Saturday, December 2nd, 2006
I Love My Time, I Don’t Like My Time
There is something about absurdity that when faced with it one either laughs and walks away, or stays and asks the simple question ‘why’? An absurd proposition is what one finds in encountering Erwin Wurm’s art. His work falls under the domain of sculpture, though the methods by which he achieves his concepts have their outcomes in interactive performances, photographs, videos, and drawings. This is due to the essence of Wurm’s work, which is not an objective goal but the questioning of the nature of sculpture. "I am interested in the object, in liberating it from its field, giving it a new validity and meaning." Like the work of a philosopher, Wurm believes that the artist’s role is to present a personalized view of mental and social constructs.
Wurm’s mid-90’s works entitled ‘one minute sculptures’ show people in awkward and unreasonable moments giving us glimpses of humans at their most frail and peculiar. Two legs jut out of an open window, a nun bends her body to rest her head against a wall, a banker has asparagus stuck in his nostrils. These performances are documented as color photographs and videos, yet are also presented as drawings and instructions in gallery settings that allow visitors the opportunity to realize the one minute sculptures with their own bodies. Instructions might follow as "lie on the balls–no part of the body should touch the ground," and "put the felt markers on top of your shoes, hold this for one minute and think of Rene Descartes." Wurm’s ideas find their activation in viewer engagement either mentally or physically. Through seeing and mimicking one begins to process the philosophical quandaries presented and witnesses absurdity as a tool that brings us to understanding.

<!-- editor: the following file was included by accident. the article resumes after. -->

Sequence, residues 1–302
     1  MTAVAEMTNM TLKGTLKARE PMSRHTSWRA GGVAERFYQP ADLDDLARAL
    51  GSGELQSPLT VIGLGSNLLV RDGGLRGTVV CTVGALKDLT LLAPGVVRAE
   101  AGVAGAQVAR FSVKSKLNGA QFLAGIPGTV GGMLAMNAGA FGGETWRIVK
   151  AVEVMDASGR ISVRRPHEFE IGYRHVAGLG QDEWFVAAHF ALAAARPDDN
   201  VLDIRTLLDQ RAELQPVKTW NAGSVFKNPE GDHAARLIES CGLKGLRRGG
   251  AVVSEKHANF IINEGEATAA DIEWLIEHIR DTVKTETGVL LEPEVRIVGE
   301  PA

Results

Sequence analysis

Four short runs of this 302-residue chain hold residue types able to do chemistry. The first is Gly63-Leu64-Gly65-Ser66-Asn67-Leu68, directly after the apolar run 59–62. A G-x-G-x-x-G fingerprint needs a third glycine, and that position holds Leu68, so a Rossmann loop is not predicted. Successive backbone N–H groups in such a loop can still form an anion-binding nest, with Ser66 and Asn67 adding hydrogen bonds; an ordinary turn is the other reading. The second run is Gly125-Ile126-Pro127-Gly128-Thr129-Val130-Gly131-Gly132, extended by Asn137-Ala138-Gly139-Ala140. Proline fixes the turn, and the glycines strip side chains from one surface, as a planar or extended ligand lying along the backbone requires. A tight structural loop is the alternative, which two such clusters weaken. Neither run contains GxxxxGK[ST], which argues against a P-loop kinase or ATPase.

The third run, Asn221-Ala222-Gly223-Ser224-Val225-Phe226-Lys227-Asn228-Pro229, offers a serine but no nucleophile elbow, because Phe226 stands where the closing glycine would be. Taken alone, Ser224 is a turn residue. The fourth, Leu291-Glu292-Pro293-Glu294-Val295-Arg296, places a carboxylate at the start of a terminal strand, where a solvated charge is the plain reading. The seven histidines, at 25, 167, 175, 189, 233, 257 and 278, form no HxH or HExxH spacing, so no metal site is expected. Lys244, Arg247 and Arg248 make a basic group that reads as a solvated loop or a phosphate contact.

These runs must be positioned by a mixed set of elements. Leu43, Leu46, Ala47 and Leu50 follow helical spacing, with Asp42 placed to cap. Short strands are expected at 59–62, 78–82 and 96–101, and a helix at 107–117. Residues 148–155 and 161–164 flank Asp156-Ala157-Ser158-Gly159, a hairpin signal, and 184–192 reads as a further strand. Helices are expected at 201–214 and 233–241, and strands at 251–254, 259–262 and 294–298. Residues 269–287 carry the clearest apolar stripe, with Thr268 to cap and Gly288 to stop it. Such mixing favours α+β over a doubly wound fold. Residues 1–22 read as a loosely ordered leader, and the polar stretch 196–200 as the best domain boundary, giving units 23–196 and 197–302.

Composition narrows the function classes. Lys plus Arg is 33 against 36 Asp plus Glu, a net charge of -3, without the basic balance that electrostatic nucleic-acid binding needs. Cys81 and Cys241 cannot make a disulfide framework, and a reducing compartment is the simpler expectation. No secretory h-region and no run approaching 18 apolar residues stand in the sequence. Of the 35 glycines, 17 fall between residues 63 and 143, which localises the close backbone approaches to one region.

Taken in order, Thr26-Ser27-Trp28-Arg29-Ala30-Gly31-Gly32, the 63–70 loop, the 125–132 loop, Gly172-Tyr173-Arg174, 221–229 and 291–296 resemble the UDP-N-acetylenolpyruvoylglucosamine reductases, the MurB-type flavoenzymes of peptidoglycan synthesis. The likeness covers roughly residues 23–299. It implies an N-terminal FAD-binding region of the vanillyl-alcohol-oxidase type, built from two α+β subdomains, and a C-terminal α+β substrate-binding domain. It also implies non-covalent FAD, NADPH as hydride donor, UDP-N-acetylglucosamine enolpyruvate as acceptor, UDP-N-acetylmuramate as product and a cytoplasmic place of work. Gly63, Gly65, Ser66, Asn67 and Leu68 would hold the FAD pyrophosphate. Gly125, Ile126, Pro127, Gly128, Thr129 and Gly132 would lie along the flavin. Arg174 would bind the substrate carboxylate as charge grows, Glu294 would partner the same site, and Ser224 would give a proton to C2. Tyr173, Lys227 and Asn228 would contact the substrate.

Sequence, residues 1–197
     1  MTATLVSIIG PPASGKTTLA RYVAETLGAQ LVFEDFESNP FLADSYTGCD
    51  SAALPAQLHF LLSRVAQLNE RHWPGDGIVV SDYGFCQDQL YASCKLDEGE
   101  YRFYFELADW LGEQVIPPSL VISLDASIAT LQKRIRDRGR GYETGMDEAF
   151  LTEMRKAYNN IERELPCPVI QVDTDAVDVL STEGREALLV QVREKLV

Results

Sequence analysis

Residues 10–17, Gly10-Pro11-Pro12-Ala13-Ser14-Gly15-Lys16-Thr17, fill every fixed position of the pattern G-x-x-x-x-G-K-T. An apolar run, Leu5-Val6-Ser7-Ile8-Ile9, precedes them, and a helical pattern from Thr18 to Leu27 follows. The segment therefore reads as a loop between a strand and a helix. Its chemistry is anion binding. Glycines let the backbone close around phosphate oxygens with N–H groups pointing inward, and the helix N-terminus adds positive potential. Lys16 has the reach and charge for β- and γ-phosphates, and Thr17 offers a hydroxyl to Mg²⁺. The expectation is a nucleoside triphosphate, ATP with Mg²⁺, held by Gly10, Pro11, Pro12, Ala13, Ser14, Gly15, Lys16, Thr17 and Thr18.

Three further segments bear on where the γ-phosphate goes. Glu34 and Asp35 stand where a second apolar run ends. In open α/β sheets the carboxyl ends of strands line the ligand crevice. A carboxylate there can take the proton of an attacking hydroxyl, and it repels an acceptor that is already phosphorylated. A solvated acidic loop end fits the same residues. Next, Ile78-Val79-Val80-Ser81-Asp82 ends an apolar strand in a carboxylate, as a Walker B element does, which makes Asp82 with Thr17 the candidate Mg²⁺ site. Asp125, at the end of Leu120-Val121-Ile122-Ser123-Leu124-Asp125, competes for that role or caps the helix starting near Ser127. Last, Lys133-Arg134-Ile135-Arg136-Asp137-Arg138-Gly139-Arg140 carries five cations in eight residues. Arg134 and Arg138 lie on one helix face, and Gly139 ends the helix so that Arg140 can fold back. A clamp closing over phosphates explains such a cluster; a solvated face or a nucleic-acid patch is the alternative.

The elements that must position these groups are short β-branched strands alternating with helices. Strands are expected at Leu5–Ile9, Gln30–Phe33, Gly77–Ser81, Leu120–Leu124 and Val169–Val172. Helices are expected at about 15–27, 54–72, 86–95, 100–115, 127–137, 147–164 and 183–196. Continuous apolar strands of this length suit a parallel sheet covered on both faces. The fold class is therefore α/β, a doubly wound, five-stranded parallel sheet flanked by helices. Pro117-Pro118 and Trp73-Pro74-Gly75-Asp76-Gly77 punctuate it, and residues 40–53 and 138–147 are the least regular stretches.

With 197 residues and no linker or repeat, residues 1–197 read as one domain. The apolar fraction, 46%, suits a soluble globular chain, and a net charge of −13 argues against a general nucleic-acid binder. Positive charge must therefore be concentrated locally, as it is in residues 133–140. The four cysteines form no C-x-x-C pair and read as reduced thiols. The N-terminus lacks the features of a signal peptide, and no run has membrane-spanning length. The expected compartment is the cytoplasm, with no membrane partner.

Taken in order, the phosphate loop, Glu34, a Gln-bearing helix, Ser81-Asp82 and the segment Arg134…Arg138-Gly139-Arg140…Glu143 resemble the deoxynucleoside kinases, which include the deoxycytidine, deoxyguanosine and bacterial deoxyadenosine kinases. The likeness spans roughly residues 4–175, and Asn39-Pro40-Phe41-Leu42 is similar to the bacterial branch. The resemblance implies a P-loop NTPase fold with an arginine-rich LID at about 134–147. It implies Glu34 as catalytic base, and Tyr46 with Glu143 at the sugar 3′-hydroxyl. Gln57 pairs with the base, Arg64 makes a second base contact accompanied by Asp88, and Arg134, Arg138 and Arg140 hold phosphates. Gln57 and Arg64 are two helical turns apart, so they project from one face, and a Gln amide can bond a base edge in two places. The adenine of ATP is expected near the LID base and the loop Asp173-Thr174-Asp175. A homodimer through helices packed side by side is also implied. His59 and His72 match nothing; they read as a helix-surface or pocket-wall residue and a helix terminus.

[Frye Art Museum]
[Wurm at the Jack Hanley Gallery]